Over the last year, we've been very intrigued by the tell-tale smoke from the New Fire, an Aztec/Mesoamerican RPG recently released and now available in PDF and different print formats through DriveThruRPG. The New Fire's PDF is simply beautiful, and we are looking forward to the arrival of our copy of the full color hardcover.

I find reading PDFs much more challenging than books, but I have been flipping around in my PDF copy while I wait for the book. This game is clearly written by someone who has learned a great deal about Mesoamerican culture and has thought through how to make an Aztec-centered game that is faithful to the source material, respectful of contemporary Nahuatl speakers, and an interesting set-up for roleplaying adventures.

Here is the most in-depth review of the game I have found so far. If you go to the New Fire website, you can also connect to the game's Facebook page, which is the most active online community for the game.

We'll have more to say once the hard copy arrives and we have a chance to digest it!

Thursday, October 3, 2013

The Shutdown: Choking To Death On A Happy Meal

My cousin choked to death on the equivalent of a Happy Meal. She died alone in her home. It took a couple of days for family members to guess that something had happened.

You see, she had advanced Parkinson's Disease, and could not cook for herself. The disease had advanced very far because it had been undiagnosed and untreated for way, way too long.

Why, you might ask?

Well, the short answer is that poor people avoid doctors until they cannot avoid them. My cousin had gone to the emergency room many times, but as someone who also had advanced diabetes, lacked health insurance, and was the caregiver for her mother, regular doctor's visits just weren't happening too often.

There were many diabetes medications that she had to pay for out-of-pocket first. And a 10+ year old blood glucose meter that needed expensive test strips, purchased out of pocket. And lancets. And insulin injection equipment.

My cousin lacked insurance because she was part of the working poor. In the past she had worked full time at a very steady professional job. (More on that below.) In recent years, she had worked as best she could - part-time - for as long as she could. Until the Parkinson's made it almost impossible for her to continue teaching instrumental music to children.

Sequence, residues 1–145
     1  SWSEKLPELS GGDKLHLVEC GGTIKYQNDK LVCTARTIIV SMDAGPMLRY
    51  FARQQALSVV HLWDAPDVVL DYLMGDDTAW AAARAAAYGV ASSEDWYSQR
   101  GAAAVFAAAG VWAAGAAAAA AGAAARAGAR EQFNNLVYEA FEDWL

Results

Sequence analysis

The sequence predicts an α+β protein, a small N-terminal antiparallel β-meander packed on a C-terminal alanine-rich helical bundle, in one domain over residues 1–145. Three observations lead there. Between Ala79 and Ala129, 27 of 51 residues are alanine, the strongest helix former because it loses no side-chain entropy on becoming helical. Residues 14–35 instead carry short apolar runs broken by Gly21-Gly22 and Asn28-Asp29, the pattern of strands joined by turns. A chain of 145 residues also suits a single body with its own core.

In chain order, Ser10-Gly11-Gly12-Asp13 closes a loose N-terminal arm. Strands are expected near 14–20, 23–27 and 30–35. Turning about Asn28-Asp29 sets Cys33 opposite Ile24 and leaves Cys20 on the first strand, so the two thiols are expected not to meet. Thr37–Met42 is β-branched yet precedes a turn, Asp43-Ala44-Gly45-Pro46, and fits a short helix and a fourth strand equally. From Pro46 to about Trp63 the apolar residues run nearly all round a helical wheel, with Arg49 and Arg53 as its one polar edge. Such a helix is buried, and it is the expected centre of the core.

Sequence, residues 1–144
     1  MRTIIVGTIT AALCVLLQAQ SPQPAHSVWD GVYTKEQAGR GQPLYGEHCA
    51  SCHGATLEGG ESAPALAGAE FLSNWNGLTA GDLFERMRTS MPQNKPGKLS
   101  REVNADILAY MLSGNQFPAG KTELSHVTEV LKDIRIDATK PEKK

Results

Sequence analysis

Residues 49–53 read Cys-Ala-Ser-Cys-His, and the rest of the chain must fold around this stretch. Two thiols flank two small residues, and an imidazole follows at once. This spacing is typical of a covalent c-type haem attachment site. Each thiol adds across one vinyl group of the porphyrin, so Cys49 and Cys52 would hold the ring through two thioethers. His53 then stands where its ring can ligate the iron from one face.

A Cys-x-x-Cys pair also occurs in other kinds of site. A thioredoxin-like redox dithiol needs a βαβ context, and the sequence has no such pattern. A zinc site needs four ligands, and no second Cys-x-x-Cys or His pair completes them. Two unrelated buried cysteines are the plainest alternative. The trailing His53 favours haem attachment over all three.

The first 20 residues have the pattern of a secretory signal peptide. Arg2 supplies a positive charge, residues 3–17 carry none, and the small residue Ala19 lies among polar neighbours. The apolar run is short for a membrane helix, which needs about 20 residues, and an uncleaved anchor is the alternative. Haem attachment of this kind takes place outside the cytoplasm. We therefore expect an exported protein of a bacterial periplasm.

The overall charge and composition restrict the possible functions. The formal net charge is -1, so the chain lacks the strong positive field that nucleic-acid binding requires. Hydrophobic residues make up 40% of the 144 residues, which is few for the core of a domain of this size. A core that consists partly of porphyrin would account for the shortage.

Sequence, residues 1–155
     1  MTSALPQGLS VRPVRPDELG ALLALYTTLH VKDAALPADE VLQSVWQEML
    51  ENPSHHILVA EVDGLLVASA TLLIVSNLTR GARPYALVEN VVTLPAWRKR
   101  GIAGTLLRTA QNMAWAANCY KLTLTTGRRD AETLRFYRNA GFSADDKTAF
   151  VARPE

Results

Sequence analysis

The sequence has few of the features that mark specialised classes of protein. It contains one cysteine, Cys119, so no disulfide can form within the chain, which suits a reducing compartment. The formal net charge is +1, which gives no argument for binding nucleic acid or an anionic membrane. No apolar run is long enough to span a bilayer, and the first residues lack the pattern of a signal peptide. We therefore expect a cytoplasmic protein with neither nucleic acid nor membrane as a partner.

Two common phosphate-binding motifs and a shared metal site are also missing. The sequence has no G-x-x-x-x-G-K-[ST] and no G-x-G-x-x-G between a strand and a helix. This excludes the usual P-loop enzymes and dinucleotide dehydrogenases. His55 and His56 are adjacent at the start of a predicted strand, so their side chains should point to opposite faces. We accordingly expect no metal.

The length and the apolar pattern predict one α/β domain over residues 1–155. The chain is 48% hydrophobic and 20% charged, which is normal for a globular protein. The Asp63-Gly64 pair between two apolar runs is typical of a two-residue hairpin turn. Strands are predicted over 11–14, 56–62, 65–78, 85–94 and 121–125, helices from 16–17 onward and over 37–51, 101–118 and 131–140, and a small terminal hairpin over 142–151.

Eventually, she qualified for Social Security Disability but by then it was too little health care, too late - and still no visiting nurse or home care assistance to speak of.

Imagine having to care for your home-bound mother who could barely walk, when you yourself have both diabetes and Parkinson's.

It's unthinkable. Unimaginable.

But that was my cousin's situation.

Why, you might ask?

Because after 30 years of teaching children in the parochial schools of the Diocese of Rochester, she lost her job. Her entire school, along with many other Catholic schools, had to close their doors.

You see, the Diocese didn't police itself for decades. All their money ended up going into an endless series of settlements for priest child sexual abuse victims.

So no job, no pension, and no insurance.

The next time you hear about the Affordable Health Care Act, I invite you to think about people like my cousin.

She had a name: Eloise Ann Hubbel.

She lived at 541 Clay Avenue in Rochester, New York.

She mattered a lot to me.

Her death, while "accidental" in some sense, might well have been preventable if she had had health insurance and better access to health care.